Arrhenius Equation Derivation Rate Constant and Temperature

# Arrhenius Equation Derivation Rate Constant and Temperature

## Arrhenius Equation Derivation

The Arrhenius equation is a mathematical expression that quantifies the effect of temperature on the rate of a chemical reaction. The equation is derived from the experimental observation that the rate of a chemical reaction increases with increasing temperature. The equation is named for the Swedish chemist Svante Arrhenius, who first proposed it in 1889.

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The Arrhenius equation is a mathematical expression that quantifies the effect of temperature on the rate of a chemical reaction. The equation is derived from the experimental observation that the rate of a chemical reaction increases with increasing temperature. The equation is named for the Swedish chemist Svante Arrhenius, who first proposed it in 1889.

The equation is expressed as

$k = A e^{-E/RT}$

where

k is the reaction rate

A is the pre-exponential factor

E is the activation energy

RT is the universal gas constant

The pre-exponential factor A is a constant that depends on the reaction mechanism. The activation energy E is the energy required for the reaction to occur. The reaction rate increases with increasing temperature as the energy barrier for the reaction is overcome more easily at higher temperatures. The equation is valid for all types of chemical reactions.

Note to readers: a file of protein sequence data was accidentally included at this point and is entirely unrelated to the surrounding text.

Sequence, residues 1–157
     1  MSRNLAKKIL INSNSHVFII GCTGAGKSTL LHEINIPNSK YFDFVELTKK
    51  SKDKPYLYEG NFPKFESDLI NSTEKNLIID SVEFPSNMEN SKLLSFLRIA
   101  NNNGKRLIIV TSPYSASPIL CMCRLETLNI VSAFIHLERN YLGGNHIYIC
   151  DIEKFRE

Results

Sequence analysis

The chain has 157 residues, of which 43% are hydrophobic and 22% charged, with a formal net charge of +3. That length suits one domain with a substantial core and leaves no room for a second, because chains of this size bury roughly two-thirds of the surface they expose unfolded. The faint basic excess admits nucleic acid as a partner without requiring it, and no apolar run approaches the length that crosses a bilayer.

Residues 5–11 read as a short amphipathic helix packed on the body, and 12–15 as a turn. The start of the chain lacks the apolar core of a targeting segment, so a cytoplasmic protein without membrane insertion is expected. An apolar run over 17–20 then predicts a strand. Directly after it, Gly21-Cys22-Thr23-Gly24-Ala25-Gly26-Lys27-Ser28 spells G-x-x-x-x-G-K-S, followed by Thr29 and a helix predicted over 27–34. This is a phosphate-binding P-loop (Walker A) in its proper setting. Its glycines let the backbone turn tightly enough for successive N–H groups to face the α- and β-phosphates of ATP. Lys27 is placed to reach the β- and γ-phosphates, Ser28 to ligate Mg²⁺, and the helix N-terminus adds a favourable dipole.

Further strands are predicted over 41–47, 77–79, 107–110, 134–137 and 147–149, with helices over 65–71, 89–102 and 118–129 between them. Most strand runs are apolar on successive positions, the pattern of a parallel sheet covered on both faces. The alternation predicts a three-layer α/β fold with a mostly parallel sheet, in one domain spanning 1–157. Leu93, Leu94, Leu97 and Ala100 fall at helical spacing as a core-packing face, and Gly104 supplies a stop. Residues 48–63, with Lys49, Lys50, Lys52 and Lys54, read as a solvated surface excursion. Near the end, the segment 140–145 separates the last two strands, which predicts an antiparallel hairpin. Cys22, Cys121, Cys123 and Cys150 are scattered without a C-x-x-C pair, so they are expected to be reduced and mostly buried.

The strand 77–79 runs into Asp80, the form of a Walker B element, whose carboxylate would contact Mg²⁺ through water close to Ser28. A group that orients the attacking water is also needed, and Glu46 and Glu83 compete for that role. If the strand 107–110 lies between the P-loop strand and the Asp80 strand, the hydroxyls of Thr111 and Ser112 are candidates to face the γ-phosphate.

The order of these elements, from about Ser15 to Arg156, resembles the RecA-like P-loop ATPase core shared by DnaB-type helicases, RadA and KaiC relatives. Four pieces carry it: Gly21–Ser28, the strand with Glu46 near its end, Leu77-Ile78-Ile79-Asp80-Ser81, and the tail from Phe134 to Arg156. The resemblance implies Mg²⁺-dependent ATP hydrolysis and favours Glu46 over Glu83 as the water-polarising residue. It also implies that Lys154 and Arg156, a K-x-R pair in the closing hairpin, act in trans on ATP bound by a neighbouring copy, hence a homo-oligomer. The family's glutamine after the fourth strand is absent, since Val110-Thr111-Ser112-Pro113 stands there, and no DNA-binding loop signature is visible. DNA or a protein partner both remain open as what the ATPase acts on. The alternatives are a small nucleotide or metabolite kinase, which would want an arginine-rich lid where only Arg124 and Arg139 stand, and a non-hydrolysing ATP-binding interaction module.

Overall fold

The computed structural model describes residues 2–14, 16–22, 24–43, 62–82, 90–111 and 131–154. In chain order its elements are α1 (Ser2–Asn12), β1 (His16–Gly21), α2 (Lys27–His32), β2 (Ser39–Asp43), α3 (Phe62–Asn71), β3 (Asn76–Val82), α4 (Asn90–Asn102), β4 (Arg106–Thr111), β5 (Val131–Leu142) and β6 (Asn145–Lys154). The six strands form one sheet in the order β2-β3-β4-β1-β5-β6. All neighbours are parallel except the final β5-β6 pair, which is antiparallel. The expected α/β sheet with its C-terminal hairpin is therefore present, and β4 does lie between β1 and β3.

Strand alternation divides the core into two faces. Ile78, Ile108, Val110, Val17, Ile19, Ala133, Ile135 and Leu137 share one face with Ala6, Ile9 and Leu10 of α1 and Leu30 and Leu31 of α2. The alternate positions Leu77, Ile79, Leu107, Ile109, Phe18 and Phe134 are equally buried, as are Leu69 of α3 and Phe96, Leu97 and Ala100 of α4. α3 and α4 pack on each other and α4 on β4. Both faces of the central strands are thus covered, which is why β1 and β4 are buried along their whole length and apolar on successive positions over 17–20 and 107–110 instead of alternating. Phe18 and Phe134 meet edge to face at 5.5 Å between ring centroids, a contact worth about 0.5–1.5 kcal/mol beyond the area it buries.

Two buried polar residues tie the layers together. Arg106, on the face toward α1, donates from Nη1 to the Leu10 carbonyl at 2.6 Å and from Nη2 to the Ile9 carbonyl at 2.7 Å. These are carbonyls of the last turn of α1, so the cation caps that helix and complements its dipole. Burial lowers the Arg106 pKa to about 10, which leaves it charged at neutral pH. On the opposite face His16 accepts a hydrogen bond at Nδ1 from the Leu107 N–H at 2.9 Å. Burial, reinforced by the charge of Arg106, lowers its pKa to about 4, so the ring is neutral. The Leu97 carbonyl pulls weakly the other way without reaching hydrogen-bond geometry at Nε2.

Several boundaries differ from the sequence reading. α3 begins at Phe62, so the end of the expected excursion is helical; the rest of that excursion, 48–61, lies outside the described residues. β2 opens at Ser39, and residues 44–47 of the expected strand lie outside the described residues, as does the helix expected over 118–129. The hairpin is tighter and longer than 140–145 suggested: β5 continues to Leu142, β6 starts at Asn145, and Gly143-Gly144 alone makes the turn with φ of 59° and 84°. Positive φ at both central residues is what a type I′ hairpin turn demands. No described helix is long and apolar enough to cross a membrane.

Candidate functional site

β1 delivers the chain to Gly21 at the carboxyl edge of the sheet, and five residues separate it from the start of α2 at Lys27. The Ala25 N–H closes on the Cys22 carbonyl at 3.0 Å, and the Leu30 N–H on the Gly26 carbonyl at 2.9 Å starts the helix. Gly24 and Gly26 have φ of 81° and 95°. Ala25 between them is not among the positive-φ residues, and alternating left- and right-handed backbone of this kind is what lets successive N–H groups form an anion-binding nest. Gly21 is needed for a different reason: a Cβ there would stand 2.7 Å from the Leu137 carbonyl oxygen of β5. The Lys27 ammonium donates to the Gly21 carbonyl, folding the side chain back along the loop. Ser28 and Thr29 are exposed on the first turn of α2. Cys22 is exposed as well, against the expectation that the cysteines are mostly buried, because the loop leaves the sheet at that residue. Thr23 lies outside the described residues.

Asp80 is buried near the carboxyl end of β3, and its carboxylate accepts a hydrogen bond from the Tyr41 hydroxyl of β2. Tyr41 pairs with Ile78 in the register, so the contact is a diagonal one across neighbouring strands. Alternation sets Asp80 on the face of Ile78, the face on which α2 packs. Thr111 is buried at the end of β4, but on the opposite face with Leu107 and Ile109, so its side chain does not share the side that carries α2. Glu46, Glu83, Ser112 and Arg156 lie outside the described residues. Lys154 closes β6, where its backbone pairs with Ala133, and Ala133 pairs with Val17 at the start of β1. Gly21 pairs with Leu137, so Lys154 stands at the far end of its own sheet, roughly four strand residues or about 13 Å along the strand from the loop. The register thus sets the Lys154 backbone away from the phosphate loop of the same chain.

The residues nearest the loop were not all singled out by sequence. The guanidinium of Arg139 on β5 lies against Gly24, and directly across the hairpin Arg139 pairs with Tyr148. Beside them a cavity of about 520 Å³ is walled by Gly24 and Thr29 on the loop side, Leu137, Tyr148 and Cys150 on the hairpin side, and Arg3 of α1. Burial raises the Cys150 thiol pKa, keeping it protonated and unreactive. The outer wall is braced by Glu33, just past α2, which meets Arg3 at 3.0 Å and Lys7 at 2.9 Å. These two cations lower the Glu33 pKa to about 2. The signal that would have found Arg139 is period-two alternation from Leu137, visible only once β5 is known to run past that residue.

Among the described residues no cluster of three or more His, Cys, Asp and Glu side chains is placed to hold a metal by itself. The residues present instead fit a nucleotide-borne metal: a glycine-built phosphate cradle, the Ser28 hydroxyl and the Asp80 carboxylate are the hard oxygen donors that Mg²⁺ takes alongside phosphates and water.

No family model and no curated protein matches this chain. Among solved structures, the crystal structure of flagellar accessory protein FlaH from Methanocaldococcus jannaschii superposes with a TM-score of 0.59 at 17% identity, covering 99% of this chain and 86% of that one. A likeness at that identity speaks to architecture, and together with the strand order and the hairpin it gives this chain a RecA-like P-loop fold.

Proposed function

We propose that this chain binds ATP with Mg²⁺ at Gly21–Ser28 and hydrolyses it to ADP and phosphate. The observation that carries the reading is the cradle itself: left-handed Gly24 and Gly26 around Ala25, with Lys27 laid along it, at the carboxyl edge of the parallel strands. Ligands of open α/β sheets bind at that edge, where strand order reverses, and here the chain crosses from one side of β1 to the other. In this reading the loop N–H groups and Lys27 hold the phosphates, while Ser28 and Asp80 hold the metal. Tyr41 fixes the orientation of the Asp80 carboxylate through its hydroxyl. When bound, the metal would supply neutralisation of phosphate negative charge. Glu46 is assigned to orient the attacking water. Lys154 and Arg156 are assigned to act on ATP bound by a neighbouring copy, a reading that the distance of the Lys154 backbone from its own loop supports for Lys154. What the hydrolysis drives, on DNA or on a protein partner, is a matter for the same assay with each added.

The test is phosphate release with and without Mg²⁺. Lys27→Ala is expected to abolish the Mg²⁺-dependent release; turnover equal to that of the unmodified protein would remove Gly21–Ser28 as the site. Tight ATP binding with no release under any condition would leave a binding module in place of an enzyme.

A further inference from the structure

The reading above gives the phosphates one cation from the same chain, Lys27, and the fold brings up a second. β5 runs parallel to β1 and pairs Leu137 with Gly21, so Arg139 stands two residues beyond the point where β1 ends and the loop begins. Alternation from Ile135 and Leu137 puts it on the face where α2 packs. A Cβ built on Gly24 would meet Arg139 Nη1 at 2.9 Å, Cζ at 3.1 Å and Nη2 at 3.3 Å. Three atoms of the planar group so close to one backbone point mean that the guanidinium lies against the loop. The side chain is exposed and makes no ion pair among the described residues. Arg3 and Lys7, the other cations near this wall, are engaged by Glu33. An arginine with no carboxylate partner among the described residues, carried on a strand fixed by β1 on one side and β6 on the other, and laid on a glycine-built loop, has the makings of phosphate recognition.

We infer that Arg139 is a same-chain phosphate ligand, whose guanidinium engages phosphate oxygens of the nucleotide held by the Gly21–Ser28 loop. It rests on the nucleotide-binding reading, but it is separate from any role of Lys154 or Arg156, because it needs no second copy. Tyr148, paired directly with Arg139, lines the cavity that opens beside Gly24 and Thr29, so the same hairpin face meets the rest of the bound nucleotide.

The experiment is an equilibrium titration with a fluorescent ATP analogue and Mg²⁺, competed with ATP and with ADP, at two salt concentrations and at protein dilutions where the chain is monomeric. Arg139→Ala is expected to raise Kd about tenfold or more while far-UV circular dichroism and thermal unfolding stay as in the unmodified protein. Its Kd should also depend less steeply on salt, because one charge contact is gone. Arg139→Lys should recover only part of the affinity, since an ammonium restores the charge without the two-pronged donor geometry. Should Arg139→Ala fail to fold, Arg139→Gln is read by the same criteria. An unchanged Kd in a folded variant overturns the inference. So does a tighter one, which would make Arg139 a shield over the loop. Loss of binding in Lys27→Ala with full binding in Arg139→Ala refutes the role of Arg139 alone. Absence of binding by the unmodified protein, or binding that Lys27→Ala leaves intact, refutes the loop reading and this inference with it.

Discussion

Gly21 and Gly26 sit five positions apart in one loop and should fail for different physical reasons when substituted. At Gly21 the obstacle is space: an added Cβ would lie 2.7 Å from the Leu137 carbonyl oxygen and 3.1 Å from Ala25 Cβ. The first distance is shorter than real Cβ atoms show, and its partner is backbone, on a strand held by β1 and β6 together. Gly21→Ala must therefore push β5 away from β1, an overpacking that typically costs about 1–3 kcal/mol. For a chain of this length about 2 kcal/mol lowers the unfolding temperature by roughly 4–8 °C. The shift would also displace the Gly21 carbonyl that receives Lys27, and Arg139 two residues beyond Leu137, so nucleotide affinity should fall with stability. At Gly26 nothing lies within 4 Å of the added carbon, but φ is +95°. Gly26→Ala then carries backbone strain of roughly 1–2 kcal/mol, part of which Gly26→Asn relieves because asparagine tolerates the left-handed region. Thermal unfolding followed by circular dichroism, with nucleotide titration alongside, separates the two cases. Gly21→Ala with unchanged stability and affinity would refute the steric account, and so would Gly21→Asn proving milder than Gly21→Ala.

## Impact of Temperature on Rate of Reaction

Temperature affects the rate of reaction in two ways: the speed of the molecules and the energy of the molecules.

The speed of the molecules is affected by the temperature. The higher the temperature, the faster the molecules move. This is because the higher the temperature, the more energy the molecules have.

The energy of the molecules is affected by the temperature. The higher the temperature, the more energy the molecules have. This is because the higher the temperature, the more heat the molecules have.

## Real-Life Examples of This Theory:

The bystander effect is the phenomenon that people are less likely to provide help to a victim when there are other people around. This is thought to be because people assume that someone else will help or that the victim is not really in need of help.

There are a few real-life examples of the bystander effect. One example is the Kitty Genovese case. In 1964, Kitty Genovese was raped and murdered outside her apartment building in Queens, New York. It was later found that 38 people heard her screams and saw the attack, but no one called the police.

Another example is the case of the 2008 Mumbai terrorist attacks. During the attacks, several people were left stranded on the rooftop of a building. However, none of the people on the ground floor or the people in neighboring buildings came to help them, and they all eventually died.

Both of these cases illustrate how the bystander effect can lead to people not getting the help they need.

## Significance of Arrhenius Equation

The Arrhenius equation states that the rate at which a chemical reaction occurs is directly proportional to the concentration of the reactants raised to the power of the activation energy divided by the temperature. The equation is used to predict the rate of a chemical reaction at a given temperature.

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